With Calvin, his innuendos get more glaring as the story progresses: Grace isn’t leaving after 10 days. She will be his forever. Even at the beginning, when he hinted at stuff like that, it was creepy and not at all charming! But by the end of the novel, it’s clear he’s behind the disappearance of a prior Airbnb renter, and he doesn’t intend to let Grace leave. When his evil side does show and he attacks Grace, it wasn’t surprising. Even when Grace gets the upper-hand because she (I think!) drugged Calvin’s coffee, I wasn’t surprised. I was like, okay, she’s either Lisa’s sister out for revenge, or perhaps even Bri’s (the missing Airbnb renter) sister seeking out answers about her sister’s disappearance.
… instead, Grace is a serial killer? What?! She does, indeed, pick random places to go and kill people. Because she’s a psychopath, who enjoys killing people, she tells us. Yes, she has a husband and two children back home in Chicago, Illinois, but she ventures out from time to time with the “itch” to kill people. It just so happened that Calvin was also a killer, albeit for a different reason. That makes no sense! The way for that reveal to make sense, in my humble opinion, is a.) if the book wasn’t structured as it was because it makes no sense for Grace to pretend to us that she’s scared of this or that while staying at the ranch, or of Calvin; in other words, there’s no reason for her to wear the mask to us when the book is told from her perspective, and so, when the reveal happens, it feels cheap, but if the book wasn’t told from Grace’s perspective, then you could buy her being a psychopath; and b.) if like I said, instead of Grace being a psychopath, she was Lisa or Bri’s sister, aunt, mother, whatever the case, seeking revenge on Calvin, because then structurally, when we’re getting Grace’s point-of-view, even someone out for revenge could have moments of fear and terror.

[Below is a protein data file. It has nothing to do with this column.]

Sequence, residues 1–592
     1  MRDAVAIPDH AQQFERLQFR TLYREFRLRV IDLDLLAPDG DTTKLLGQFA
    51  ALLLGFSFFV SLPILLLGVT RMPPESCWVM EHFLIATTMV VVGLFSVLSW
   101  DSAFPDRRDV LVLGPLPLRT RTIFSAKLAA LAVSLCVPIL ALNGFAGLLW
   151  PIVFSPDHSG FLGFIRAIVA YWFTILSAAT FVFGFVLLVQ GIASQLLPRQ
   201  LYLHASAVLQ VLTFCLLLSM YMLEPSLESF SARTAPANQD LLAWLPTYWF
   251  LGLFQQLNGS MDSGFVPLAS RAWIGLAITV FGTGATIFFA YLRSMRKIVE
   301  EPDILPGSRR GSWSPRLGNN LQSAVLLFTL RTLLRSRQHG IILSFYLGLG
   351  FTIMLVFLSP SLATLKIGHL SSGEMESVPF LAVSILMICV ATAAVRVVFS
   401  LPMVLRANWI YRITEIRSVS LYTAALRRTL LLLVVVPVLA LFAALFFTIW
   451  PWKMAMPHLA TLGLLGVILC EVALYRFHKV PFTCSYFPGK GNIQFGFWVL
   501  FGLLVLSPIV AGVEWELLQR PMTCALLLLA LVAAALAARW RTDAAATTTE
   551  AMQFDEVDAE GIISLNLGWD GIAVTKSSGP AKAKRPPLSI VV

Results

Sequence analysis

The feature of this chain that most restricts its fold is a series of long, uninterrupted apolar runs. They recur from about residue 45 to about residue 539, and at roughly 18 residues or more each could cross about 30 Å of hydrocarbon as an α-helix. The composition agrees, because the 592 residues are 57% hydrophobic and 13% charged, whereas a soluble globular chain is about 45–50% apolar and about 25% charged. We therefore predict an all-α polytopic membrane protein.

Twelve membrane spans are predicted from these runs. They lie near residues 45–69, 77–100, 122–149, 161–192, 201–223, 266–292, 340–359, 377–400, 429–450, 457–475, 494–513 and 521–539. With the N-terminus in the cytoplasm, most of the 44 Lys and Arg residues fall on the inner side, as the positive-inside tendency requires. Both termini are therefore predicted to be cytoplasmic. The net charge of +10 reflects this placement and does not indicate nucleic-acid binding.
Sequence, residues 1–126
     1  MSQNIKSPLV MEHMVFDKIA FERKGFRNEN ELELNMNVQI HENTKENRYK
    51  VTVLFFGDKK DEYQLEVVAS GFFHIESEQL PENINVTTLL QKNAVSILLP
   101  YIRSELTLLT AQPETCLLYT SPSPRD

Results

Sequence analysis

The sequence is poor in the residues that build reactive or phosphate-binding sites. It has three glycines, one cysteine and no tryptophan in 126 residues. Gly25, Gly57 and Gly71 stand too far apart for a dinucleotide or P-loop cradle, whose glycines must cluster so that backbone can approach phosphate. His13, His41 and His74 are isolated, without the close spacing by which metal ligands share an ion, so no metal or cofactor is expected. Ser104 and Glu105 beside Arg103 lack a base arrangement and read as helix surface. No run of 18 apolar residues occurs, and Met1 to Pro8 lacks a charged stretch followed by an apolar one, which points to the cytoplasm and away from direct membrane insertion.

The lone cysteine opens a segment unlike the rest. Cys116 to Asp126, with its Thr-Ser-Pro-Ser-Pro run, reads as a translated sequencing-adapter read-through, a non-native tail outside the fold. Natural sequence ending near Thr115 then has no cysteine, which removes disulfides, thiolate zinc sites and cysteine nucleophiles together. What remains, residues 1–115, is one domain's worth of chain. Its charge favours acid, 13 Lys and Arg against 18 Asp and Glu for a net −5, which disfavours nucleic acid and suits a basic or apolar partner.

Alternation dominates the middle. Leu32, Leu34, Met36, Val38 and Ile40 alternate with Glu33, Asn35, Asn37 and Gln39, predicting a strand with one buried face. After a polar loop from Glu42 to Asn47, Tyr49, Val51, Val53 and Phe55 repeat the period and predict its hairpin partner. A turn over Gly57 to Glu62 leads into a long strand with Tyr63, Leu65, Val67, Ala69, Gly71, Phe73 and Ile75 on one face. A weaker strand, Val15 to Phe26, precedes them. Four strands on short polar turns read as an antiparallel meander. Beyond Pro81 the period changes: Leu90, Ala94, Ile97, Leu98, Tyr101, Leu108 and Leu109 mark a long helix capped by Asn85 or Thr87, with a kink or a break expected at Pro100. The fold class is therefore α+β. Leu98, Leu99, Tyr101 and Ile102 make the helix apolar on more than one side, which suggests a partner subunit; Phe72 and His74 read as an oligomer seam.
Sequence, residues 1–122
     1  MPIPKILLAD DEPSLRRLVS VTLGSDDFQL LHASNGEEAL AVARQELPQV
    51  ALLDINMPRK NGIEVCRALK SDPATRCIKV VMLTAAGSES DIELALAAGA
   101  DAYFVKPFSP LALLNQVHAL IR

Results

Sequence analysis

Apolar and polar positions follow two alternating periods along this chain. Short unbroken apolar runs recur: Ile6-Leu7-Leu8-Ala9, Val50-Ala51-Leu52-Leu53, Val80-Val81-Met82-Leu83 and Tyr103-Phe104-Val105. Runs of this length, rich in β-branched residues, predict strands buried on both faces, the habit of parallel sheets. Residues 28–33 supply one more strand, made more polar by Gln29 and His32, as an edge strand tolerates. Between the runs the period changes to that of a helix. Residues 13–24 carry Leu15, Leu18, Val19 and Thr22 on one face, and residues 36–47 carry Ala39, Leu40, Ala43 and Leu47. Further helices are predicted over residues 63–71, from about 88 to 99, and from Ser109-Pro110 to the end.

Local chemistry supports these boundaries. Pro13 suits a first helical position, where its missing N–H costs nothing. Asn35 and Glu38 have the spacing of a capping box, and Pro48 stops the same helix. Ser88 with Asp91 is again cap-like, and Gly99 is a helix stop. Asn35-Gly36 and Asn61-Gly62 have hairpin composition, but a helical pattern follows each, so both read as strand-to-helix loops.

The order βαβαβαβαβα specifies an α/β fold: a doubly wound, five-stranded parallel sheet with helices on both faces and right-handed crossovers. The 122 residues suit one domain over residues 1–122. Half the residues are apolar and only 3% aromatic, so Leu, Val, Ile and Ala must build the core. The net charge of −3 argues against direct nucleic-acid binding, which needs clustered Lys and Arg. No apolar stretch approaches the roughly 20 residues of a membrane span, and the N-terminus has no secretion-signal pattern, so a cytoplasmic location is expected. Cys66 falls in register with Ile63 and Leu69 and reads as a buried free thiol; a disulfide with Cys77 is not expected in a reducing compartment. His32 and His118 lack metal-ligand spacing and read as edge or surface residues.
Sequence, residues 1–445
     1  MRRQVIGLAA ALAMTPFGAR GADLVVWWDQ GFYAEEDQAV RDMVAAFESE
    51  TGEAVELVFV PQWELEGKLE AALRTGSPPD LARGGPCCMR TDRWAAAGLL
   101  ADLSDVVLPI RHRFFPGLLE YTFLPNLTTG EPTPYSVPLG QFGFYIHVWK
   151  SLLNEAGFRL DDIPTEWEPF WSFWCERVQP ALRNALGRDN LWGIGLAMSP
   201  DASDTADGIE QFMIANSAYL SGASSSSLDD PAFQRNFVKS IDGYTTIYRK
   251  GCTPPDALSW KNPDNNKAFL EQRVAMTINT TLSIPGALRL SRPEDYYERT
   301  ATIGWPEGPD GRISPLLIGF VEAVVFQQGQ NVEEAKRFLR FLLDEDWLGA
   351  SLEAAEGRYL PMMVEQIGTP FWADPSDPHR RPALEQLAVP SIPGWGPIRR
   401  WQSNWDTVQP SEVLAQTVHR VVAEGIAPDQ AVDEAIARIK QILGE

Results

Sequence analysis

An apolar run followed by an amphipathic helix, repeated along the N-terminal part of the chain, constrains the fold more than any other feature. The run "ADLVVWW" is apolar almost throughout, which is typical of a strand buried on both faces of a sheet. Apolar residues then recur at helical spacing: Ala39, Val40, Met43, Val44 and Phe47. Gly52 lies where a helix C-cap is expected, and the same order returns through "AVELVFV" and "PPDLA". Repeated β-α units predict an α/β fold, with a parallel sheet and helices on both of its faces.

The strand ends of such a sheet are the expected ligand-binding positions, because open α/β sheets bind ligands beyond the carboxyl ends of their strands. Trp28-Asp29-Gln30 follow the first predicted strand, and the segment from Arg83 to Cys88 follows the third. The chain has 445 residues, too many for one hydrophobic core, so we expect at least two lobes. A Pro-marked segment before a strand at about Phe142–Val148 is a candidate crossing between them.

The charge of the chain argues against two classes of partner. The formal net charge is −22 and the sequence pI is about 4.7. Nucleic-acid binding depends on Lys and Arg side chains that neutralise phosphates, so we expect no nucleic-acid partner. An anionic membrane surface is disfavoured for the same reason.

To put it another way, when Rose revealed Grace was a serial killer who enjoyed killing (and it wasn’t that she sought out people she thought was bad; she just liked killing! I would have found the former more plausible), it didn’t ring true — this wasn’t the Grace character we just spent the prior 265 pages getting to know. It felt like a twist for the sake of a twist, and I don’t think that’s fair to the reader. Hence, my conflicted feelings when it comes to Rose’s book! I devoured it in one day, the writing was fun and interesting to keep me reading, and the premise (and structure) was executed in a way to make me want to know who was playing who, but I’m not sure the ending lived up to its promise.
I still gave the book five stars on Goodreads because my general rule of thumb is if I enjoyed a book enough to finish it, there’s no reason to go lower than five stars, and in this case, I’m not sure it’s fair to go lower when I disagree with plotting and character choices. I’m just one reader.
I would love to know what others thought of the ending, though!